There’s such a sharp observational quality to the films of Elaine May, as heightened as their comedy can be. You get the sense that May has such a deep understanding of people and relationships, and rather than simply recreating what she sees, she builds these hilarious concepts out of them. Her films can be ridiculous, but something about them always rings true. It reminds me a lot of the more recent work of Rachel Bloom, specifically the show Crazy Ex-Girlfriend. The more I think about it, the more that show feels like heiress apparent to May’s comedies. Both construct elaborate comedic ideas on top of simple observable truths about human dynamics. And Bloom would be right at home alongside May as a scrappy Jewish comedienne.
If May hones in on anything in A New Leaf, though, it’s the inherent hilarity of a bourgeois lifestyle. The montage early on when a newly poor Henry Graham (Walter Matthau) says sorrowful goodbyes to all the absurd markers of his old wealth is hysterical. One bit has Graham sadly miming with a riding crop and then breaking down in tears. Just the concept of rich people seems hilarious to May, with all their silly dignities and meaningless obsessions. And she has a clear-eyed view of what being wealthy means in America. “You’re going to be poor in the only real sense of the word,” Graham’s butler tells him early on, “in that you will not be rich.” There is no world outside of wealth in A New Leaf; Graham’s first option when he’s lost all his money is suicide. It plays in the honest absurdism of the film’s comedy — the absurdity of a world where money is all there is to life, and yet the fundamental truth of that outlook in a capitalist society. The nonchalance with which one of Graham’s high society contacts introduces a couple named the Hitlers (“You’re not by any chance related to the Boston Hitlers?”) reflects the ironic detachment from decency that comes along with such highfalutin behavior. I’ve always thought that to make a good comedy about the wealthy you need to understand what wealth really means, and May very much does.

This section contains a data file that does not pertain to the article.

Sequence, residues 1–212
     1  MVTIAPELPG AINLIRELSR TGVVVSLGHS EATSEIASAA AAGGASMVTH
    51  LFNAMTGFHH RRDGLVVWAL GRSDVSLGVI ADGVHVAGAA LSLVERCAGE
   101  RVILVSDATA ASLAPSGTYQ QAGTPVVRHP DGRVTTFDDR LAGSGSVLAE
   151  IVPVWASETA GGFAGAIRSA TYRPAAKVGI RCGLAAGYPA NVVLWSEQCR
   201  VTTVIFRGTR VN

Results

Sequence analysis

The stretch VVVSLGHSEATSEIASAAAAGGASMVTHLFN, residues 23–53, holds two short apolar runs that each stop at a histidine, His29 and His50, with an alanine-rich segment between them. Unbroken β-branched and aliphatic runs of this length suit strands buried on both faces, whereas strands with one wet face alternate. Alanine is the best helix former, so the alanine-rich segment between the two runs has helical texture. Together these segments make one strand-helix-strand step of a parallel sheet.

To keep speaking about May, she’s terrific as the nebbishy botanist heiress Henrietta. She casts herself in an unforgiving role; she must ride the fine line of being not so likable that Graham comes off as a complete jerk but not so irritating that Graham seems a hero for wanting to be rid of her. Her charm has to shine through, so that when Graham finds himself having fallen for her, the viewer has as well. It’s such a difficult challenge for a performer, and May just nails it. To do that on top of directing the film is nothing short of miraculous.
Matthau’s great too, as the perpetually annoyed bachelor who wants nothing more than to be alone with his money until the loss of that money forces him to seek companionship. He manages to keep you laughing at him even as his character descends further into a sinister mania. The late bit where he daydreams about all the ways Henrietta could be killed on a trip to the Adirondacks is on its face horrific, yet Matthau’s barely suppressed glee at the prospect sells the hilarity. He reminded me a bit of Daniel Day-Lewis in Phantom Thread, though the comedic stylings of that film are a far cry from A New Leaf and Reynolds Woodcock much more a fusspot than a grump. The way both characters describe their lifelong disinterest in women could be read as a suggestion of queerness, too. I know Matthau’s disinterest in any and all people is more than a little relatable to some friends of mine.
I read that A New Leaf was ripped from May’s hands during the editing phase and that she was so unhappy she tried to have her name taken off the final release. I can’t speak, of course, to the relative quality of her (apparently three hour) cut of the film, but I can say that the existing version of A New Leaf is totally delightful. It feels like an Elaine May film through and through, whatever butchery happened to it behind the scenes. I’d be thrilled if May’s cut ever saw the light of day, but with the final cut being as good as it is, it’s hard to feel desperate for such a release.